James Campbell.

Balmerino and its abbey : a parish history with notices of the adjacent district online

. (page 34 of 60)
Online LibraryJames CampbellBalmerino and its abbey : a parish history with notices of the adjacent district → online text (page 34 of 60)
Font size
QR-code for this ebook

felt to be unsatisfactory for all parties, as the Naughton people
could have no right to accommodation in the church of a
parish in which they did not reside ; while the minister of
Balmerino had the pastoral charge of a large number of
families living on lands which contributed nothing to his
stipend, that burden being thrown entirely on the teinds
of Balmerino parish, his income from which was at the same
time inadequate. An agreement was therefore entered into
by the Laird of Naughton and the heritors of Balmerino,
that a process should be raised before the Commissioners for
the Plantation of Kirks, for the disjunction of the lands of
Naughton from the parish of Forgan and their annexation
to that of Balmerino, and for the augmentation, at the same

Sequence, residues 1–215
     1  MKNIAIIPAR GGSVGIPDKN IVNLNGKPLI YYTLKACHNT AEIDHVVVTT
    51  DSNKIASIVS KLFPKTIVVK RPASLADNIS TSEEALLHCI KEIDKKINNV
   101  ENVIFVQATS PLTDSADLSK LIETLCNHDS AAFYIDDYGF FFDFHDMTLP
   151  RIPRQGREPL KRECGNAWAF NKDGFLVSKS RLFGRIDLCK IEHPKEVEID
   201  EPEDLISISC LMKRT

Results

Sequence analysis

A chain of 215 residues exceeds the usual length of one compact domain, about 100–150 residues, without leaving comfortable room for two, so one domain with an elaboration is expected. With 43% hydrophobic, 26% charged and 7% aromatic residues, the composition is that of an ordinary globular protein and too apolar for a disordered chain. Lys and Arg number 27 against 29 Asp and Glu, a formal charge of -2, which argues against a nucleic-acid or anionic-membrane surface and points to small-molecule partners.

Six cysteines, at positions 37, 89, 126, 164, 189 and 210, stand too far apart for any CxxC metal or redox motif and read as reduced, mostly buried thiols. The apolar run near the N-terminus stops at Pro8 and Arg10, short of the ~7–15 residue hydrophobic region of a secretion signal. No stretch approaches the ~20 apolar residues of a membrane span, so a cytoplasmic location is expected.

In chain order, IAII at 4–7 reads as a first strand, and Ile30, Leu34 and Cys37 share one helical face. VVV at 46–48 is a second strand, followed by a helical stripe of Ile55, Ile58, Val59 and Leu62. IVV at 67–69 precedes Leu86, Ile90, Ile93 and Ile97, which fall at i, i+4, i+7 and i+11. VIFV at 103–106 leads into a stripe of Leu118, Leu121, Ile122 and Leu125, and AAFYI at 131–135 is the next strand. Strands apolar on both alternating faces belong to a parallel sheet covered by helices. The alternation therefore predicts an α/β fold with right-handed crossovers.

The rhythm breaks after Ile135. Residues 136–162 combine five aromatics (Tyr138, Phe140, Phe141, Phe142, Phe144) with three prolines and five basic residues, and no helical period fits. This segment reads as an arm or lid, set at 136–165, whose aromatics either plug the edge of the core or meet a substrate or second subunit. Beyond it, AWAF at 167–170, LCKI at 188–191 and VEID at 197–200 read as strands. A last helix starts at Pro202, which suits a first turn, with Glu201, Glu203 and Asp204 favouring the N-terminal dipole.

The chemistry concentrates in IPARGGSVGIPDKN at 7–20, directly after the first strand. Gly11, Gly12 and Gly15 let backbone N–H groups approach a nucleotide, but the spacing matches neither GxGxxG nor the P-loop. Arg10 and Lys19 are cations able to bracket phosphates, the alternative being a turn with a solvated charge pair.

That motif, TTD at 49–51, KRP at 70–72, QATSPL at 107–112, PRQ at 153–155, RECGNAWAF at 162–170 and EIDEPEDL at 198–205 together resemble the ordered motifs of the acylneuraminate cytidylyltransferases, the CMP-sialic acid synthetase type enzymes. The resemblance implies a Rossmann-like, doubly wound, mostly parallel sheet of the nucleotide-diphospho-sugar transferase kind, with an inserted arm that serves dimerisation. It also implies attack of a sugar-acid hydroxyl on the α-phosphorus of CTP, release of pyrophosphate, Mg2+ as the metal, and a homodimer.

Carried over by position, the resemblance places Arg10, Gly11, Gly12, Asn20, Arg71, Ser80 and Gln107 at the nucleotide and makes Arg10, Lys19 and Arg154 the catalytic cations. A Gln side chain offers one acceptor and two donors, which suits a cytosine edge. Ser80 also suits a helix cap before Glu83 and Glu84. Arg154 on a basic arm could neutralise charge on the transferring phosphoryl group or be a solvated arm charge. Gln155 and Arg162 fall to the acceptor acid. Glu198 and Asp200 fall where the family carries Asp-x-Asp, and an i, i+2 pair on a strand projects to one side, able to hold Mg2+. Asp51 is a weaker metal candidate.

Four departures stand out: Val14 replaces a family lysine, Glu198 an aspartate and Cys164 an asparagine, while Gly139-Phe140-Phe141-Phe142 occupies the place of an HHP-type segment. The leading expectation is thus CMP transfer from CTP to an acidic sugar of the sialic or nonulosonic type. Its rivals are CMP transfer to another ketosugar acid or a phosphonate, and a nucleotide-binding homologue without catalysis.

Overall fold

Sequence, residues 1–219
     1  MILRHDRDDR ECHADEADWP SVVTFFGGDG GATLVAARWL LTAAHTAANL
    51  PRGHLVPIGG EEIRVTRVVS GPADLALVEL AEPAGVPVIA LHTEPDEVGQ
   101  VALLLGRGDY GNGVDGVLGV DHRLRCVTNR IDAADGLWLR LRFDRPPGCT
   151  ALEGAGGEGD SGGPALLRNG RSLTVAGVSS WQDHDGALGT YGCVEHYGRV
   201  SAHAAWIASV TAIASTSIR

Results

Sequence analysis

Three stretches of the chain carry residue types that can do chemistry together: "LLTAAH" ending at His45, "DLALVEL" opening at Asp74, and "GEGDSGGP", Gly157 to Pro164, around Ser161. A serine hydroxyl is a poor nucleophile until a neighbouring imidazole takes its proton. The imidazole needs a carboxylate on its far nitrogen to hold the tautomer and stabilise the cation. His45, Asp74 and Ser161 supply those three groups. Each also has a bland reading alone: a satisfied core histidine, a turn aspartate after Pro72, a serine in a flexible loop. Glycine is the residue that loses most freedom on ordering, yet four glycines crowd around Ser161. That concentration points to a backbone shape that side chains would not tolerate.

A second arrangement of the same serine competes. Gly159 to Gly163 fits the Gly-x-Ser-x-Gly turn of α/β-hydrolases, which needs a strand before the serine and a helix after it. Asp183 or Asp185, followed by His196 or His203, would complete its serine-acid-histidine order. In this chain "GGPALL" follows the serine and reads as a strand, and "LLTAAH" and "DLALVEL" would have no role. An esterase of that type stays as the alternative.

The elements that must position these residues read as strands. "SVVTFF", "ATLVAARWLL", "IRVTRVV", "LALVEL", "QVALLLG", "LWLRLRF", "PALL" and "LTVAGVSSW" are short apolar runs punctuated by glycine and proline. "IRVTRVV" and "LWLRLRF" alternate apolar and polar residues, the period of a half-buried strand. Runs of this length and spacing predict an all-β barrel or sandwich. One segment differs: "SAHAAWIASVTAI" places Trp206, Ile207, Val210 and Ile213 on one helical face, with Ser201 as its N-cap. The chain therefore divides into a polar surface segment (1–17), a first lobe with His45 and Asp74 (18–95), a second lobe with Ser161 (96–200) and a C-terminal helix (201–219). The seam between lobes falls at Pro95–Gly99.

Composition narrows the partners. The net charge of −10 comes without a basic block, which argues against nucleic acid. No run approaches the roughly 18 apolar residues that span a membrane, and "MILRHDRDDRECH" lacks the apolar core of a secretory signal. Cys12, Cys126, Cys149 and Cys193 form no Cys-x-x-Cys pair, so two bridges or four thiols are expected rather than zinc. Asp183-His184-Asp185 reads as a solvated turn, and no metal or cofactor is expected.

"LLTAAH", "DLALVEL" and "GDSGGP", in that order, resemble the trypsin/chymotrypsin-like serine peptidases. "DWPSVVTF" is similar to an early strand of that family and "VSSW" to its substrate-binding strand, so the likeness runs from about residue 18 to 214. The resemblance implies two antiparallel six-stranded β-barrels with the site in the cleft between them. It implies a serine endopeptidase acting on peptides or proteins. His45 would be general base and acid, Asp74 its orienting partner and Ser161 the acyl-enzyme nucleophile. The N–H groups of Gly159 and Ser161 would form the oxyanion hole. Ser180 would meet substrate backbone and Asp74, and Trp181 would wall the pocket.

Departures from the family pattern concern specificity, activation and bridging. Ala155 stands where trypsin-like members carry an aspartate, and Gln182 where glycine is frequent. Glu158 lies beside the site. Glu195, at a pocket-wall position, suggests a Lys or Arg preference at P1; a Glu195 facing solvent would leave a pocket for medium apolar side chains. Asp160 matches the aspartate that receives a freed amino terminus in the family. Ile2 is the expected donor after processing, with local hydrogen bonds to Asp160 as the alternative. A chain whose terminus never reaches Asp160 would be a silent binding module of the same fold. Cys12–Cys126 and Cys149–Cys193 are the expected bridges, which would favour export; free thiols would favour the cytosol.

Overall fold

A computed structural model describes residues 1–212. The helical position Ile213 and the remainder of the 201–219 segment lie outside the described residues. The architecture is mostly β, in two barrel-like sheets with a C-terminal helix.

time, of Mr. Greig's stipend out of the teinds of both parishes.
Probably this agreement was partly the result of an injunction
issued by the Presbytery of Cupar on the 16th of March 1648,
in the following terms: 'The brether, considering the several!
provisions of ministers within ther bounds, and finding many
not sufficientlie provided, did require them all, and most
particulairlie Mr. Walter Greig, to vse all lawful and ordi-

1 In 1663 annual-rent, or interest, was reduced by Act of Parliament from
ten to eight per cent., and no one was to be allowed to take more under pain of
being punished for usury. The Act appears not to have applied to this legacy.
In August 1649, Parliament reduced annual-rent to six per cent. ; and perhaps
this was the cause of Mr. Greig : s ' difficulty.'


narie diligence to gett their provisiones helped ; and Mr.
Walter Greig was peremptorilie appoynted to vse diligence
to that effect, becaus formerlie he could not gett it done
becaus of the malice and might of Bishopes against him,
which the brether conceives should be ane motive to the
Lords of plantation now to sie him both the better provydit,
and the mor speedilie dispatched. 1

The consent of the Presbyteries of St. Andrews and Cupar
having been obtained, the process was raised, and the decree
of disjunction, annexation, and augmentation was pronounced
by the Commissioners on the 28th of February 1650. After